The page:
First, insurers do not even get to know who decides the case – the jury – until after they have to pay their lawyers four to five times what it would cost to settle the case. (As you can see, this problem applies to all cases, not just hail claims). By the time insurers realize that their jury has no roofing experience, it’s too late for them to fold their cards. Thus, this legal process is set up to have all of the lawyers do hundreds of hours of work, charge hundreds of thousands of dollars, and then the insurers get to meet the most important people in the case – the jurors.
But isn’t that an equal risk that both sides face? Not really, and here’s why:
Unlike Insurers, Roofers have Nothing to Lose
That’s our second reason why the playing field is not level: if a roofer wins the lawsuit, the court will order the insurer to pay the roofer’s attorneys’ fees. If the roofer loses, he usually will not have to pay any attorneys’ fees. In short, insurers have tons of risks – whether they win or lose. Roofers? Virtually nothing to lose.
The third reason why the playing field is not level is because a “win” for the roofer could mean $1. Yes, $1. With a few exceptions, if a roofer obtains a judgment against an insurer for $1 more than the insurer offered to pay, the roofers’ attorney will get hundreds of thousands of dollars in attorneys’ fees.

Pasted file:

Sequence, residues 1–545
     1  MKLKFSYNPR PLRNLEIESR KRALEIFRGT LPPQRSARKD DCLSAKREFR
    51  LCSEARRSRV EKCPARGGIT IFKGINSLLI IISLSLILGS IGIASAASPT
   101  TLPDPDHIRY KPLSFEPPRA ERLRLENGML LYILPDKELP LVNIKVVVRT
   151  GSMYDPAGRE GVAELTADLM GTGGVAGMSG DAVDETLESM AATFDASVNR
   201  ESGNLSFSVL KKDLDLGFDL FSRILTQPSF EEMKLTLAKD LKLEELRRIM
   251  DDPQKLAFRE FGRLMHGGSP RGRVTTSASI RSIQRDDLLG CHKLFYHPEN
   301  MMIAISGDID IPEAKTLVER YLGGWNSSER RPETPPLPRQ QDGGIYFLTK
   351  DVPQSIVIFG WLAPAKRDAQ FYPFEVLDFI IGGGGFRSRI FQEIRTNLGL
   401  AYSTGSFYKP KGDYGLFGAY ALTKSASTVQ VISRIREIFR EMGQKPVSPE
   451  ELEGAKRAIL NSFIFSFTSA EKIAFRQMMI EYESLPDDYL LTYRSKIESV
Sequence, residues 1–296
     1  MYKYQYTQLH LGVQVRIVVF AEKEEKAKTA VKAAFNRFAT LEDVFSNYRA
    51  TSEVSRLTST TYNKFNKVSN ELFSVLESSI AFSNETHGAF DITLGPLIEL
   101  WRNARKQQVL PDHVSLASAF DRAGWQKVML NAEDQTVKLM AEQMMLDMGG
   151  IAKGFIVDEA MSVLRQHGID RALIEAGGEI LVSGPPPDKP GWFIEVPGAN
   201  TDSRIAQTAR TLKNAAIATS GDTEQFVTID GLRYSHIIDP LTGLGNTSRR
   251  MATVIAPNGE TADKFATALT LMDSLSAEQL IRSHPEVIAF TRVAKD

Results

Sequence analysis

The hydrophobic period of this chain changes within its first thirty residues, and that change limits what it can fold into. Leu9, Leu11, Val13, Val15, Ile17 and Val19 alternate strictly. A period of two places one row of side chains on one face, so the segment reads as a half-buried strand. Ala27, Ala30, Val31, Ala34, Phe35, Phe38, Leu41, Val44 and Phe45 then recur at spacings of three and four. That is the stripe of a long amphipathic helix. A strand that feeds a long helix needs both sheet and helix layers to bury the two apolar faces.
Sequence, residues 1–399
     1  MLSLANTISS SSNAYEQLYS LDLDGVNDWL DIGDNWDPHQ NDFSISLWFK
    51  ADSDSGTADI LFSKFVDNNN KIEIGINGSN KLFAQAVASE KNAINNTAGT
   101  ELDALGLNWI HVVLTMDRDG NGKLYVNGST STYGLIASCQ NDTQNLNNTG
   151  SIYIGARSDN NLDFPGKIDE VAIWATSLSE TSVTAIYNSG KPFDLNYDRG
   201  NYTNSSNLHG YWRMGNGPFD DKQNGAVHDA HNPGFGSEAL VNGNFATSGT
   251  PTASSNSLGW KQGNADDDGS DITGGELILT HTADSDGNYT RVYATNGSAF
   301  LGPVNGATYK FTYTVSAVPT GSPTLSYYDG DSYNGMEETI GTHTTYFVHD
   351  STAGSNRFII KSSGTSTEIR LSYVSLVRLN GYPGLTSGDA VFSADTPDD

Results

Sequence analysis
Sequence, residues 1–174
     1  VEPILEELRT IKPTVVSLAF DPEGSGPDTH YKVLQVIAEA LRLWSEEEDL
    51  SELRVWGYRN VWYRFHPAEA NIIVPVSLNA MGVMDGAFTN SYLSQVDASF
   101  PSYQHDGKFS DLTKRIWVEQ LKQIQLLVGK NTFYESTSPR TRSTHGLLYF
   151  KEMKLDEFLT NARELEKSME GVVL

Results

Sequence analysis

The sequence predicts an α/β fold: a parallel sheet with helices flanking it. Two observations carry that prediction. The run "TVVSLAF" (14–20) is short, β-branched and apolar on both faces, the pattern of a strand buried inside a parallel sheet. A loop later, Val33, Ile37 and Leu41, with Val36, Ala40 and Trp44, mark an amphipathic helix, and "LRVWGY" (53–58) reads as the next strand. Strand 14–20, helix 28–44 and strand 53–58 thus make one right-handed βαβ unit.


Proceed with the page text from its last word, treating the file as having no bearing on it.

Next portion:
Sophisticated Parties, Unsophisticated Rules
The fourth reason why the playing field is not level is because the prevailing party attorneys’ fees law does not make sense in the roofer versus insurer context. The prevailing party attorney’s fees rule was intended to make sure our grandmothers across the state don’t have to pay an attorney to sue their insurance company. This attorney fee rule is a windfall for roofing companies whose sole purpose is to profit. And with sales strategies like these roofers are using, there is no doubt they will make plenty of money soon.
Six Solutions that Should Be in Your Hail Toolkit
Enough with the problems. Let’s talk about the six things you should have in your hail toolkit to prevent indemnity and expense leakage:
1. Engage engineers with hail experience
If you are reading this article, then you’re probably the type of person that has vetted the experts.